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Invisible Beauty: Documentary hails Style Icon Bethann Hardison the “Mother” of Advocacy for diversity in the Fashion Industry

Invisible Beauty: Documentary hails Style Icon Bethann Hardison the “Mother” of Advocacy for diversity in the Fashion Industry

“I just want everyone , audiences to discover Bethann Hardison, I think everyone can gain from knowing this person. I know I gained from it. As I am very much someone who keeps my head down, not very confident, but getting to know Bethann and seeing how you can lead your life with such confidence, tell it like it is that was very important to me”. Frédéric Tcheng Director Invisible Beauty

Bethann Hardison is the subject if the new documentary Invisible Beauty, a portrait of the pioneering model-turned-agent who worked with and Iman, and mentored models like Naomi Campbell, and Tyson Beckford. a vsisionary you should be familair with, if not with her you don’t need to be a fashion connoisseur to see examples of her work in the fashion industry, she discovered Tyson Beckford the worlds first Black male supermodel.

Test Shoot 1975 Paris

Long before that “work” she was a fashion runway model describing herself as the first “Black Black supermodel” an unwavering presence, on the catwalk, not quite what the models of that time looked like, at every step channeling what she refers to in the documentary as her inner Samurai. “I’d always think of Samurai when I would walk.” she said.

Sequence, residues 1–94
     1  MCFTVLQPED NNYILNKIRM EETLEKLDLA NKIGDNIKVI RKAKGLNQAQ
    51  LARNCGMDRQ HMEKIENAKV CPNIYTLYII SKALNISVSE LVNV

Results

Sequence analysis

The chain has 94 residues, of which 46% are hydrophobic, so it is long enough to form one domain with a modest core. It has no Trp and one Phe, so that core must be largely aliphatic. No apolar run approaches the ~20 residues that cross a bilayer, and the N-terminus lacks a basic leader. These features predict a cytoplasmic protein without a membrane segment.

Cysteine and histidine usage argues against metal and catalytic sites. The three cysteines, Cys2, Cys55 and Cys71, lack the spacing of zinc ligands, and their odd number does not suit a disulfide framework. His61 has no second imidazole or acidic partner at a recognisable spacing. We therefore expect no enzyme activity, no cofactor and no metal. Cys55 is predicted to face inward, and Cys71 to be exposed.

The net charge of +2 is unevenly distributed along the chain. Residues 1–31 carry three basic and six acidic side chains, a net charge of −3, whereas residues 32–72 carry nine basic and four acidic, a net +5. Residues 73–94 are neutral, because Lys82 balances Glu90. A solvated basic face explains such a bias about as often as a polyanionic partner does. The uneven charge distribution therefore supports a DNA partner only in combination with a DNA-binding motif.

Landing at Ruth Manchester Ltd. a junior dress company she became the first Black salesperson in a showroom. Whether it was working in Manhattan’s garment district, donning Chester Weinberg’s elegant A-line skirts, or captivating audiences at the illustrious Versailles in 1973, she shattered expectations. On the catwalk she proved that models of color exuded charisma far beyond the role of the “mannequin”. In this captivating documentary “Invisible Beauty,” we bear witness to her resolute determination and fearless rebellion, as she embarked on a remarkable journey without any premeditated plans, just to do what she wanted to do.

The notion of becoming the pioneering Black supermodel was never a deliberate aspiration for Hardison. Ambition and society’s perception of success were distant notions in her mind. Yet, within an industry plagued by deep-rooted racial biases, she unwittingly emerged as a symbol, embodying the hopes and fears projected onto her by others. When an unseen interviewer mused about the desire to always emerge victorious, to win, Hardison gracefully corrected him, emphasizing that her drive stemmed not from a craving for victory but from an aversion to the possibility of failure. “You always want to win,” he says. “I don’t want to lose,” she says,

Raised in Brooklyn with her feet intertwined in the South, Hardison experiecend the harsh realities of an unjustly divided USA. Her grandmother lived in the Jim Crow South, Hardison’s young mind questioned the logic behind segregated “dirty” water fountains, perplexed by the notion of separate facilities. In high school, her Black classmates, deemed her artistic pursuits as “white things,”. But that did not deter her from charting her own course guided by instinct rather than conformity.

Speaking to Bethann at the Sundance Press Breakfast she said. “When you grow up as a kid you don’t know who you are, the good thing was I had alot of freedom as a child I lived with my mother and grandmother for the first 12 years. I was a latchkey kid and you are out on your own when I came home from school. I changed into my play clothes and you were just street. I was so loved and by the time I was twelve years old I had got into so many things, you just don’t know why you are who you are, you just come to earth to be that.”